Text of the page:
I really like regular days where I can come home, watch my favourite series, go to the gym, sit with my child, help with his homework. When it comes to work, I love being on the radio, it is my forte.

Nyla Usha

Joshiy is known to be a hard task master…

He is very strict about his art.  He doesn’t like to play around, and also makes sure others don’t.  For him, it’s a very serious process of making art, there is a lot of money at stake, a lot of hard work and dreams. If you are very serious about your work, he will appreciate you but quite another matter if you fool around. And yet, he gives us a lot of space. He doesn’t tell you exactly what you have to do. And even the suggestions come only after you have given your first shot.

Somehow I think you get approached more for the “bold and independent characters” …

I was in fact discussing this with friends. Of course, I want to run around trees and play some romance. Just kidding! Usually I am approached for a “bold character.” Perhaps I give the vibe of being a bold and independent woman (which I am in real life!), and that is good to hear. In this film, the difference came in terms of the costume and dialect, otherwise the bold independent front is me.

Which is your favourite Joshiy film?

Though I liked KauravarNaduvazhikalNair Saaband NirakoottuNaranis my favourite film. Mullankolli Velayudhan is such a fascinating character. Joshiy gives such amazing intros for his heroes and even the female actors.

I don’t mind working for free, if it is for a greater cause. But I have a problem if they say that the actress is not paid because she doesn’t have satellite value.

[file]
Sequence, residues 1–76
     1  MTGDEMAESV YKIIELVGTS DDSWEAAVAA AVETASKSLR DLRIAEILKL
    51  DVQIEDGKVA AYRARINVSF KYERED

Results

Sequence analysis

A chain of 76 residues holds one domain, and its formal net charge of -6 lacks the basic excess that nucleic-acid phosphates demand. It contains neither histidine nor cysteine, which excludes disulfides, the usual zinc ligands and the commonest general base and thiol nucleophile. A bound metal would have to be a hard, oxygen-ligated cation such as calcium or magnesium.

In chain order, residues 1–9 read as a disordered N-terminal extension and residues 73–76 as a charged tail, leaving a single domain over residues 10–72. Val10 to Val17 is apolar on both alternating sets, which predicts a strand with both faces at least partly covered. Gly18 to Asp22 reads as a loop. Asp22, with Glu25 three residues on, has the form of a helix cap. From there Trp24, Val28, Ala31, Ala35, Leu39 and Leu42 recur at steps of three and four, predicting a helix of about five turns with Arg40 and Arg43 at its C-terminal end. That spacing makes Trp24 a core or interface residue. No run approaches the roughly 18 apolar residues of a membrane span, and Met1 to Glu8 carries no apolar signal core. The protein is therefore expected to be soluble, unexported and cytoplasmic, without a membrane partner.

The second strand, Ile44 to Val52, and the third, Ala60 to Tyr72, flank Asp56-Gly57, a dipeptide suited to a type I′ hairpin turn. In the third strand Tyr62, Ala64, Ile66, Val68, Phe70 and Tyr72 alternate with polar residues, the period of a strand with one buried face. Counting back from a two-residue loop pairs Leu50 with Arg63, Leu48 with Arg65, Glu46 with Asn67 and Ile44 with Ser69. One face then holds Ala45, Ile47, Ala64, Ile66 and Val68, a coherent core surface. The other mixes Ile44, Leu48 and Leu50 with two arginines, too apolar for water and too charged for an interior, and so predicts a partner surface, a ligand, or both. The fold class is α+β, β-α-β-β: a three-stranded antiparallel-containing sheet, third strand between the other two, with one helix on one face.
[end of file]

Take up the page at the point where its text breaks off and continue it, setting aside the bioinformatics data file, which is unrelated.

Nyla Usha

How do you manage this balancing act between RJ, emcee and acting?  

Yeah, balancing careers, shuttling between the two countries. I really like regular days where I can come home, watch my favourite series, go to the gym, sit with my child, help with his homework. When it comes to work, I love being on the radio, it is my forte. There is nothing like sitting in front of the mike and talking to people. I have been doing it for the last 15 years. It’s my incentive to wake up early in the morning. Next, I love TV and stage, and then comes cinema. These are the things in the order of my ability.

Photo by Nyla Usha/Facebook

What are the kind of films you want to be part of?  And your take on pay parity?

Films that are very seriously made, that has a scriptwriter who has put in his 100%, a director who has every shot planned, actors who completely want to deliver their craft, and all the departments working together. When I still debate about remuneration, I think it’s also about the respect paid to an artiste. It is not just about solid cash; you also take a lot of things out of a film. There is fame, respect, better opportunities, a launch pad. I put my time and respect across money. I don’t mind working for free, if it is for a greater cause. But I have a problem if they say that the actress is not paid because she doesn’t have satellite value. That really hurts me. New filmmakers, new stories—there is space for everyone in Malayalam cinema today.